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Dempsey medal winners celebrated for parish service

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Arthur Doumit, St Vincent de Paul's Society's acting regional president for the Liverpool conference, receives his medal for a lifetime of service through his pastoral outreach, particularly through Vinnies. Photo: Giovanni Portelli
Arthur Doumit, St Vincent de Paul’s Society’s acting regional president for the Liverpool conference, receives his medal for a lifetime of service through his pastoral outreach, particularly through Vinnies. Photo: Giovanni Portelli

If you ask Arthur Doumit how many days a week he volunteers with the St Vincent de Paul Society, he laughs and says about nine.

Such is the need in his Auburn parish, the 76-year-old retired payroll manager “works” most days in the community and has no plans of slowing down anytime soon.

Known as the go-to for any family in crisis, the father of five and grandfather to eight has given a lifetime of service through his pastoral outreach, particularly through Vinnies and is currently the acting regional president for the Liverpool conference.

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After more than four decades of giving to others, last weekend it was Arthur’s turn to be on the receiving end.

He was one of 51 Catholics awarded a Dempsey medal for outstanding service in the Archdiocese of Sydney by Bishop Richard Umbers during a Solemn Mass at St Mary’s Cathedral.

Among them were lay women and men who have rendered extraordinary leadership and service in sacramental programs, prayer groups, parish maintenance, fundraising, liturgical ministries, taking communion to the sick and more.

Known around the traps simply as Arthur, the parishioner of St John of God Catholic Church was introduced to Vinnies while at school and takes his vocation of representing God very seriously.

He said giving back to the community by giving the one thing money can’t buy has given him a lifetime of joy.

“To put it simply, Australians are very generous when it comes to material things but when it comes to giving of time sadly it’s very different,” he said.

“People just want to be heard and me offering a listening ear and showing people they matter is so very important.

“I learnt about Vinnies through a great teacher of mine, Br Leonard Smith, a Marist Brother who was in a wheelchair and was such a great inspiration.

The group of 51 Catholics were awarded a Dempsey medal for outstanding service in the Archdiocese of Sydney by Bishop Richard Umbers during a Solemn Mass at St Mary’s Cathedral. Photo: Giovanni Portelli
The group of 51 Catholics were awarded a Dempsey medal for outstanding service in the Archdiocese of Sydney by Bishop Richard Umbers during a Solemn Mass at St Mary’s Cathedral. Photo: Giovanni Portelli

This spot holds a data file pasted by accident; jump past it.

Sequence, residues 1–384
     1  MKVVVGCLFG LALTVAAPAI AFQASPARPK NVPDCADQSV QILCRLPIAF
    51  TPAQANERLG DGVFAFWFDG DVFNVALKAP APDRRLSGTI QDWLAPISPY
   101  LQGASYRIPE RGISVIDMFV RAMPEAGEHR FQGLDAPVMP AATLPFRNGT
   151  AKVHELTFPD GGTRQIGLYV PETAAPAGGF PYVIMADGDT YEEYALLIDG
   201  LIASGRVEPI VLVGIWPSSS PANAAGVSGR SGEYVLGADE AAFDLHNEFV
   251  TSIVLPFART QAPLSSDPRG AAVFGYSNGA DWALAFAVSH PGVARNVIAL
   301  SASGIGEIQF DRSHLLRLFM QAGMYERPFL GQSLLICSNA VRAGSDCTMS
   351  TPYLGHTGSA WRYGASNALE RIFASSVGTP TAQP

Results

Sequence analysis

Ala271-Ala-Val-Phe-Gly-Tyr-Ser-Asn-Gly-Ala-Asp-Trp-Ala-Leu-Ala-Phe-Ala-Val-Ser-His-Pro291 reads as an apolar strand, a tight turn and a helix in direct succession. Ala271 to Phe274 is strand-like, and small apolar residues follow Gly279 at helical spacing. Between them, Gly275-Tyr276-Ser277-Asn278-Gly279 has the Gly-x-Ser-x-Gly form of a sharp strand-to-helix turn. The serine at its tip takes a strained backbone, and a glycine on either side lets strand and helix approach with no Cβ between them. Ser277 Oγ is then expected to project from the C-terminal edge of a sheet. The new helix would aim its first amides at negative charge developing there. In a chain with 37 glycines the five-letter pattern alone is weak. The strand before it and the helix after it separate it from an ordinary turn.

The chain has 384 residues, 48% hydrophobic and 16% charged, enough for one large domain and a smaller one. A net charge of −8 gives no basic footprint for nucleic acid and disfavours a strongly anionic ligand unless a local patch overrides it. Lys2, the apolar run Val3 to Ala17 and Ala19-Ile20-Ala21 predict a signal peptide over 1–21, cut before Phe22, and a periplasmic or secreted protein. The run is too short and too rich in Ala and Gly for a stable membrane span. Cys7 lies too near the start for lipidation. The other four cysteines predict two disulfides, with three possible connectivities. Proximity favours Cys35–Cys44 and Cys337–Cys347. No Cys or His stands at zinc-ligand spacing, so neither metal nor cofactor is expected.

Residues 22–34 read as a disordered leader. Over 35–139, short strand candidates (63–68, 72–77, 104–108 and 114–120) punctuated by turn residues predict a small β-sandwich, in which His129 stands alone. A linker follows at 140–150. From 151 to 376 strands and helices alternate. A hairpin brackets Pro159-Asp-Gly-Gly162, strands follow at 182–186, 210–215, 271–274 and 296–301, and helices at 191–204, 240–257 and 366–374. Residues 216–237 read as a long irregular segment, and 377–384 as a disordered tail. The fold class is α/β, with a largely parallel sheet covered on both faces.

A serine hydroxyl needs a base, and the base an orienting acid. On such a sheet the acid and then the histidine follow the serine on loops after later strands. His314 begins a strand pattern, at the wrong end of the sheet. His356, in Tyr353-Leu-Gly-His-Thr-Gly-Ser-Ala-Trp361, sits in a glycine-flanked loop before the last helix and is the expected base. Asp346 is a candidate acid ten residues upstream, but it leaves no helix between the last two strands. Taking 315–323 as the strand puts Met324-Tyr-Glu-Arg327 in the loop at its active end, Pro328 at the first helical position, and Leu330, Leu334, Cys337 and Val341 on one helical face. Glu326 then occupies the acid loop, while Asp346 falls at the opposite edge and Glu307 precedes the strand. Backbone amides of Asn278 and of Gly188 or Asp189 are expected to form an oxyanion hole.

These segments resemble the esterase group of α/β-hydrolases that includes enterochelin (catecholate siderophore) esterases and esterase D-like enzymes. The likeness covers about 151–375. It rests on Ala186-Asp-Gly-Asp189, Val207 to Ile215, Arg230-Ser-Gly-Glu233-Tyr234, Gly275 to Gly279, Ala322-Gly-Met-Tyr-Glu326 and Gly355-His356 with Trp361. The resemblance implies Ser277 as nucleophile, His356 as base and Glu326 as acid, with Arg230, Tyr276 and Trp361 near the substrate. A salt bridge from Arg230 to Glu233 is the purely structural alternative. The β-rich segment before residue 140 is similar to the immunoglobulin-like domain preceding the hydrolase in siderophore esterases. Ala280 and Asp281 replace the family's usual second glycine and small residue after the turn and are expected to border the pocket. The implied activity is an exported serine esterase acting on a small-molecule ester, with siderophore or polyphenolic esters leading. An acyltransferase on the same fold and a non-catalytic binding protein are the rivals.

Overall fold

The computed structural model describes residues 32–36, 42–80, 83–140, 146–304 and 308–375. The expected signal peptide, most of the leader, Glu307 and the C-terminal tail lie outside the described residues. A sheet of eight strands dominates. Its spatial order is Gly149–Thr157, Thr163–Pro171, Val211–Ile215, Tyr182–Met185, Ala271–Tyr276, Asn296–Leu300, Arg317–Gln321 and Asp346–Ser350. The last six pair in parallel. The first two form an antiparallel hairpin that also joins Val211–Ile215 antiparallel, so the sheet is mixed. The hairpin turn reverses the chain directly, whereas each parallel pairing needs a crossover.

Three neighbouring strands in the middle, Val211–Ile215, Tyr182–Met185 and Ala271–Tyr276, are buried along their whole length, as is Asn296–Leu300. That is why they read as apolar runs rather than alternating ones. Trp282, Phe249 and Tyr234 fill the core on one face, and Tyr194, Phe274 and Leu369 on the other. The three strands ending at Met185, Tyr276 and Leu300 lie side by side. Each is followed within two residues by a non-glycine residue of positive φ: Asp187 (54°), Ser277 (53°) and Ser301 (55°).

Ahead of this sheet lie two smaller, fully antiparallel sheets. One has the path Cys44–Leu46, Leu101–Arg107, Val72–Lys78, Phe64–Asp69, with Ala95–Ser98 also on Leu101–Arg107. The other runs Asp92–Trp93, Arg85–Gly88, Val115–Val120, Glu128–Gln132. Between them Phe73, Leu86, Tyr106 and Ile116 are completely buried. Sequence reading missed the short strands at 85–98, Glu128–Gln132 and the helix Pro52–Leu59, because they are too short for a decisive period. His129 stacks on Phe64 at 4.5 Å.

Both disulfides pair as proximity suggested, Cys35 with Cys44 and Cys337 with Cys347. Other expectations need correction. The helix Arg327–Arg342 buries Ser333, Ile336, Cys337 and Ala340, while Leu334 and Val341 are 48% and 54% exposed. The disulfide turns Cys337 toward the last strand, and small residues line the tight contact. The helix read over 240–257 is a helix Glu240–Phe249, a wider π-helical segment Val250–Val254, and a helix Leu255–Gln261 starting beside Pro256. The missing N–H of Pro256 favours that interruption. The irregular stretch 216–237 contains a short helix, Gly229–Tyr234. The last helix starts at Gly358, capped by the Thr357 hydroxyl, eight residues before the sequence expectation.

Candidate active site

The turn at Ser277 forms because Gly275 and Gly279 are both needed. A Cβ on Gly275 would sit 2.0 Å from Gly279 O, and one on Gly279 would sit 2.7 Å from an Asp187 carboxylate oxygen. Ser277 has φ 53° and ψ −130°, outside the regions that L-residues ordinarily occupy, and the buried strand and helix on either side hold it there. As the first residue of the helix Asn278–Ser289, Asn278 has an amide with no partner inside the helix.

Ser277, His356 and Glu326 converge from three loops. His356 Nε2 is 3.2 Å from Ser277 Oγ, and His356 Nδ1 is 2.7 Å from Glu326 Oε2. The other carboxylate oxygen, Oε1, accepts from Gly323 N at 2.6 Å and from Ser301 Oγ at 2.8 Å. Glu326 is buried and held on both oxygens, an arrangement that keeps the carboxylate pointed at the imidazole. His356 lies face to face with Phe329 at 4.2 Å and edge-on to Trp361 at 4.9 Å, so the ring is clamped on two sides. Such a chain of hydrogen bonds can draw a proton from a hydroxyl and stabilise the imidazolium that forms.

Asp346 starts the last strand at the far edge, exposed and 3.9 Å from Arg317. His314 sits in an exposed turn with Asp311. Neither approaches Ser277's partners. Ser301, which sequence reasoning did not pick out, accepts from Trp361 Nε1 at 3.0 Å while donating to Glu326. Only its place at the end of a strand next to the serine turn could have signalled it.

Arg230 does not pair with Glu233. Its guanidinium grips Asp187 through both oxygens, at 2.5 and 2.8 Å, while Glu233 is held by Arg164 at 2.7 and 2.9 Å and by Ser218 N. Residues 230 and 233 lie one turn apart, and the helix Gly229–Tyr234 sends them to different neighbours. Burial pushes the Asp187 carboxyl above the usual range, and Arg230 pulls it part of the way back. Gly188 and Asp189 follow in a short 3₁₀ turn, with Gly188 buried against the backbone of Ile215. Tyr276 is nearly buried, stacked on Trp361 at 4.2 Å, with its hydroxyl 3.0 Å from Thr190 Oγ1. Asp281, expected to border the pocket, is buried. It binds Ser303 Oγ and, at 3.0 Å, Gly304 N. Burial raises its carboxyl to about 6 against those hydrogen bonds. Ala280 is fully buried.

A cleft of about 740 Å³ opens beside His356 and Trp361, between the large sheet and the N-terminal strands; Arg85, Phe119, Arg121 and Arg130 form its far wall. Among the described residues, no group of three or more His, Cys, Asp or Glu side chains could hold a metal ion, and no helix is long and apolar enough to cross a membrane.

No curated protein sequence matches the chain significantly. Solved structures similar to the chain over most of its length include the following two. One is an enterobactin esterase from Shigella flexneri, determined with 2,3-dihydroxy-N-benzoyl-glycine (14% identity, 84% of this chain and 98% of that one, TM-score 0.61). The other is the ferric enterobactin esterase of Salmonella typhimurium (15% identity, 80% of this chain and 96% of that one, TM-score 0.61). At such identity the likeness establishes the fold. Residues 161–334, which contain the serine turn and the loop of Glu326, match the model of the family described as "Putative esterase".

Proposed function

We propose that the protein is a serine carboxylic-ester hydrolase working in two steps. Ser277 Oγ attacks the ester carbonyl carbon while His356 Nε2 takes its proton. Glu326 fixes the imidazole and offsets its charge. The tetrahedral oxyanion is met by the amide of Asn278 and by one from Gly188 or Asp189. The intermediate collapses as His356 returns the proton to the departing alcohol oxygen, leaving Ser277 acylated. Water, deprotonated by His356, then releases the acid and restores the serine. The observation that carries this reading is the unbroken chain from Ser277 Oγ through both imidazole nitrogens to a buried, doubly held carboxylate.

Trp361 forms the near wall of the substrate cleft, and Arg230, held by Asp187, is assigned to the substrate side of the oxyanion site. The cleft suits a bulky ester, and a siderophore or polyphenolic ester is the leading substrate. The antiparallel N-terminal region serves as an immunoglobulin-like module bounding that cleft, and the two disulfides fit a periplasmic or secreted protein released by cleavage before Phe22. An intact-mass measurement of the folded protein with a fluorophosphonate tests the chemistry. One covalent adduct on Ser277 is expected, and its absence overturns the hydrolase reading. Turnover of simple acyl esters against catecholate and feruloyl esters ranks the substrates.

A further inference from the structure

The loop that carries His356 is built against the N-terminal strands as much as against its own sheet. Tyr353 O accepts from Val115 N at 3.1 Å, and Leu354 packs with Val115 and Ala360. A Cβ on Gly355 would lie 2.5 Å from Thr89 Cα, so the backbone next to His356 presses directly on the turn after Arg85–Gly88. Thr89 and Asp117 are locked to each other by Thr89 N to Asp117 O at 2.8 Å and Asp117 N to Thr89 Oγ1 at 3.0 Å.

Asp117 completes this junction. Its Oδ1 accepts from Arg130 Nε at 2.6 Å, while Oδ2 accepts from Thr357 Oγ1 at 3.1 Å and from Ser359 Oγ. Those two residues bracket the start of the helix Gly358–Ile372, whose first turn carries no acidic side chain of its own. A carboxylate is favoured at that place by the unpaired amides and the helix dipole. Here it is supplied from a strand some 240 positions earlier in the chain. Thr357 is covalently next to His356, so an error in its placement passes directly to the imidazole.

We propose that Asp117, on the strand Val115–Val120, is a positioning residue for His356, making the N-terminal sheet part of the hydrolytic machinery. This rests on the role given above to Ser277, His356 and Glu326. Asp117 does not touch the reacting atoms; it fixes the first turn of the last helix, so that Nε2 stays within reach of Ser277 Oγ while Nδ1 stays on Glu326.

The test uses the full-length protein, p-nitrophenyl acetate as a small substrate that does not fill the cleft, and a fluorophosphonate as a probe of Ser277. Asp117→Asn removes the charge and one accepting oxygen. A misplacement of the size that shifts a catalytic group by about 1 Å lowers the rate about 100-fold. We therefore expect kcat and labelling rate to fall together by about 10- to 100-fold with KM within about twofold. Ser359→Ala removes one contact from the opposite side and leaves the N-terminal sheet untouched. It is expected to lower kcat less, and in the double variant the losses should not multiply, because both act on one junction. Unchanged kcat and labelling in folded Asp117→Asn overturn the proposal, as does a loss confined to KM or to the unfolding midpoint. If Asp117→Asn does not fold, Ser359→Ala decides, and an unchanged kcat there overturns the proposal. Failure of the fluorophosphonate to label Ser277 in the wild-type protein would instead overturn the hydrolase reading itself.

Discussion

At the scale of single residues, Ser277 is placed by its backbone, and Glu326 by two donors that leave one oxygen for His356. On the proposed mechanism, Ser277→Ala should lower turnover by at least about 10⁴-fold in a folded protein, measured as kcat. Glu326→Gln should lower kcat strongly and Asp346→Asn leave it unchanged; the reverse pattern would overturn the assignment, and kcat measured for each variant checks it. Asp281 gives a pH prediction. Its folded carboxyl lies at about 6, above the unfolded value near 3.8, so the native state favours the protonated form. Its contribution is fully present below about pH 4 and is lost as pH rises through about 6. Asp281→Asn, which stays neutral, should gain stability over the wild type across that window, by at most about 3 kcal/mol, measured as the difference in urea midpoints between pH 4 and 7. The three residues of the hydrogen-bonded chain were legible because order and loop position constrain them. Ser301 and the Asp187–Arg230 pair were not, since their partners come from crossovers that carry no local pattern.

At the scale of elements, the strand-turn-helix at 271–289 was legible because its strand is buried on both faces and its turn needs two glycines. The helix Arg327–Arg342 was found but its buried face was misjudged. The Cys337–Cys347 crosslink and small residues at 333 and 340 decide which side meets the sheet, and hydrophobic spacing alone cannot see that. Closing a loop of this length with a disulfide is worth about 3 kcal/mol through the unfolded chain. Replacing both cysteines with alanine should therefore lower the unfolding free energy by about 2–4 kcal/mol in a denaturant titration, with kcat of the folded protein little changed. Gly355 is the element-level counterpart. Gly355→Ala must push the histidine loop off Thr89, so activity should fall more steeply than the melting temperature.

“After hearing him talk about volunteering I decided to initially join in with the Legion of Mary, and we’d offer support to the young ladies on William St and the young men at the wall in Kings Cross who were waiting for clients, and it went from there.

“I honestly think that if you are able to help someone, you should.

“Over the years I have done a lot of different things but most recently we hold dinners for those who would otherwise be alone.

“Every third Friday dinner gets around 80 people attend who might otherwise be by themselves.

“We have solicitors, teachers, cleaners, taxi drivers, you name it, come along once a month and know they will not only be fed but be heard.

“It brings me so much joy to be able to not only connect people in the community but listen to them.

“I am very thankful for the Dempsey medal, but more thankful for my wife Therese who makes it all possible and who should be made a saint.

“While there’s people out there needing my help, I’ll keep going, nothing is too much trouble.”

Although the Dempsey medal is awarded for outstanding service or witness to the diocese or community, it is primarily intended to recognise those people who have made an outstanding contribution in the context of their local parish.

Bishop Umbers said the award celebrates significant contributions to building up the church in Sydney through their acts of service.

“James Dempsey trusted in God and worked away to build up this cathedral site in the absence of any real encouragement, bar the extraordinary presence of Fr Therry,” he said.

Dempsey medal for outstanding service in the Archdiocese of Sydney. Photo: Giovanni Portelli
Dempsey medal for outstanding service in the Archdiocese of Sydney. Photo: Giovanni Portelli

“In the face of government censure, he persevered as a leader in his parish and sought God in the face of disappointment.

“We also seek to make disciples in this nation in the midst of doubts about the likely reception of our witness.

“Contrast the reality of our society, which we love so much, with the current antipathy to all things Christian.

“A Catholic hospital that preserves human life at its most vulnerable stages can be seized and our schools placed in question in as much as they pass on Biblical teaching according to the wishes of the children’s parents.

“There is not much room at the inn for Jesus who came from Nazareth.”

Sydney archbishop Anthony Fisher OP instituted the Dempsey Medal in 2017 in honour of James Dempsey, an Irish convict who was transported to Sydney in 1802 and later pardoned.

A stonemason, he oversaw the building of Sydney’s first bridge, barracks, and hospital.

The Dempsey home was a pivotal gathering place for Catholics of the early colony during the years when there was no priest.

Then when Fr John Joseph Therry arrived in Sydney in 1820, Dempsey assisted him by helping plan, fundraise for, and build the first St Mary’s Cathedral.

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